written by Penny Campbell
"Don't Say 'No'" is an exercise that I think I named myself. I say this because I like to credit anyone with whom I studied and who shared particular ways of developing skill. But, I don't remember anyone teaching me this, per se. However, as I write, I'm recalling one of the first classes in improvisation that I took with Judith Dunn at Bennington College back in 1970. I was struggling to generate movement. I think I was just stringing random movements together. Who knows? I certainly had no idea what to do or what I was doing (and that lasted for years)! Judy suggested I stick with something, repeat it, and see what happened. I'm sure I followed her suggestion--I even have some slight sensory memory of the moment--but I have no idea what material emerged, if any! Years later I think I see how that early experience opened up a little territory of possibility and, after decades of practice and of teaching what I wanted to learn, "Don't Say 'No'" emerged as an exercise with a name. Read More Here >>
Note: I let you warm up for a bit, then guide you through a series of movement invention practices that I call “Scales/Parts Dances” and “On a Scale from 1-10” (which should really be . . .”0-10,” but who’s counting?). Don’t worry if you don’t hear everything the first time through. Most important is that you delve as deeply as possible into your movement material and experience. You can always go back and listen again.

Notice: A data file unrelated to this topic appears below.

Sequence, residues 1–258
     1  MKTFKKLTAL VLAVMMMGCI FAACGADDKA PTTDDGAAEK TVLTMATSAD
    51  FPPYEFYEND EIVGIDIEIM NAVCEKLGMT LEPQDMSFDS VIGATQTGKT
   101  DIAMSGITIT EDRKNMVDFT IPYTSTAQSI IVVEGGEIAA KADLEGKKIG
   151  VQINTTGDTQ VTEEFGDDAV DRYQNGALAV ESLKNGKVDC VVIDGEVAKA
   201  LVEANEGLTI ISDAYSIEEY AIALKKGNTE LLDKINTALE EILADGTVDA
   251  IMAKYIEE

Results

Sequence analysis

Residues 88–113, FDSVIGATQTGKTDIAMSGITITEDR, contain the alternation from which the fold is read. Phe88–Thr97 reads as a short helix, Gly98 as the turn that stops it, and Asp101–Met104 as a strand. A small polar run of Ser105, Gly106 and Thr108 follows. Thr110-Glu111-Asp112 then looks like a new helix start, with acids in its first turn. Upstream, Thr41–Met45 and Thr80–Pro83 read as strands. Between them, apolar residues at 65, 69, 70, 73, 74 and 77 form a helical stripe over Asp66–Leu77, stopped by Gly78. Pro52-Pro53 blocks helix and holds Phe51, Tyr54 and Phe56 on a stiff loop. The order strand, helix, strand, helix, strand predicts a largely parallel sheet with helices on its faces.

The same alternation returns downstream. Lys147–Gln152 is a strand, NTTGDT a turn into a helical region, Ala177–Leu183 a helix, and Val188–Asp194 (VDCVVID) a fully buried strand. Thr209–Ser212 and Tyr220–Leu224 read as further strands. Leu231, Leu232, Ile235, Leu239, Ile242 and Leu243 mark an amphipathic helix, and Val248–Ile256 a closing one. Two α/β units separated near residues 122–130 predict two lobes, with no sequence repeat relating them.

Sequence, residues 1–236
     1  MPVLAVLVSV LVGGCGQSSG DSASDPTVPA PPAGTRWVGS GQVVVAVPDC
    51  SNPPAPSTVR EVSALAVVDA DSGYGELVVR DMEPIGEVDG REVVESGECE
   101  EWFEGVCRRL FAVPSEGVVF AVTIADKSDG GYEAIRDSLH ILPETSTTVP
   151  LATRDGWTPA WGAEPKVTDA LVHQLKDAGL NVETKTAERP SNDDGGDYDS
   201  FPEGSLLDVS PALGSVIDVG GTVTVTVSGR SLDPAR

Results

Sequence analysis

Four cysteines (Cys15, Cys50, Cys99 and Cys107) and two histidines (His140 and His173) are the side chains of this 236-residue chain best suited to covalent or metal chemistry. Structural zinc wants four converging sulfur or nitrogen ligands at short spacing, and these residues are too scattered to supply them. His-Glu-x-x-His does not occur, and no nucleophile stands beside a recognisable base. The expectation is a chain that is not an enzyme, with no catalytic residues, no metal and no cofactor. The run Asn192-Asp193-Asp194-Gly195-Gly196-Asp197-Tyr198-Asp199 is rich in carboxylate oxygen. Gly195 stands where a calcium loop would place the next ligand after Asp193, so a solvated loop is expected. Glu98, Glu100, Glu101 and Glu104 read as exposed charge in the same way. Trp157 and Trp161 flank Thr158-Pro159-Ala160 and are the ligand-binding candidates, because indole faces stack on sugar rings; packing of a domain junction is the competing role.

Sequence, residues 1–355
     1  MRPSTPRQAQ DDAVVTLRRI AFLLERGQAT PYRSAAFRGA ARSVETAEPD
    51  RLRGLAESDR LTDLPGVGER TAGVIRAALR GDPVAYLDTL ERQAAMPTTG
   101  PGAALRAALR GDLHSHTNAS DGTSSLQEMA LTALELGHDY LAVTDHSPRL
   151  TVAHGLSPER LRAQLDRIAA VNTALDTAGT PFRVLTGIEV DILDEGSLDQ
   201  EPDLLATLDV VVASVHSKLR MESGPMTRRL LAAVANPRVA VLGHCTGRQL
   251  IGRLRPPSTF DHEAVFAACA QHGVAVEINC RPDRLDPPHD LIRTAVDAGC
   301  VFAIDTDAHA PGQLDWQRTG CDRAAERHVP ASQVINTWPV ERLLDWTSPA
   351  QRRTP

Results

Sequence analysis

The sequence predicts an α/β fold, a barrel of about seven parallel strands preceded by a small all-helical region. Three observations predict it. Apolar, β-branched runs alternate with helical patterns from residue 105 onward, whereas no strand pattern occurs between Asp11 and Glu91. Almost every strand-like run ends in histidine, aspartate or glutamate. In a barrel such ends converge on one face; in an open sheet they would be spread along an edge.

Peter Schmitz, Susan Sgorbati, Penny Campbell (photo by Erik Borg)
The Don't Say "No" exercise includes an audio component where you will be led into movement by Penny Campbell:
1. Download the audio track for Don't Say "No" (you can click the yellow audio button link, above, to download all audio tracks for this website) to your phone or listening device. You can use headphones or run the audio through a speaker. It is best to download the track onto your device first and then play it.
2. Find a place that you feel comfortable moving in and play the audio track. Feel free to pause the recording at any time if it is moving too fast for you. [The duration of the score is around 35 minutes long.]
Prompt for Response:
1. Take a moment to scan back over this exploration. Any reports? What do you remember from the material that you were exploring? Movement tendencies/habits? Accidents that led into discoveries? Taking five minutes, free-write in your journal about your experience. Free-writing is stream-of-consciousness writing (writing/sketching your thoughts onto the page as they arrive in your mind).
2. Read Don't Say "No" and On a scale of 1 to 10 from Penny Campbell's writing on Performance Improvisation. In 2-3 sentences, discuss how this enhances your understanding of what you just experienced.
3. Share your writing/sketches in the comments, below. You can type the free-write or take a photo of it and upload it (especially if your writing includes drawings).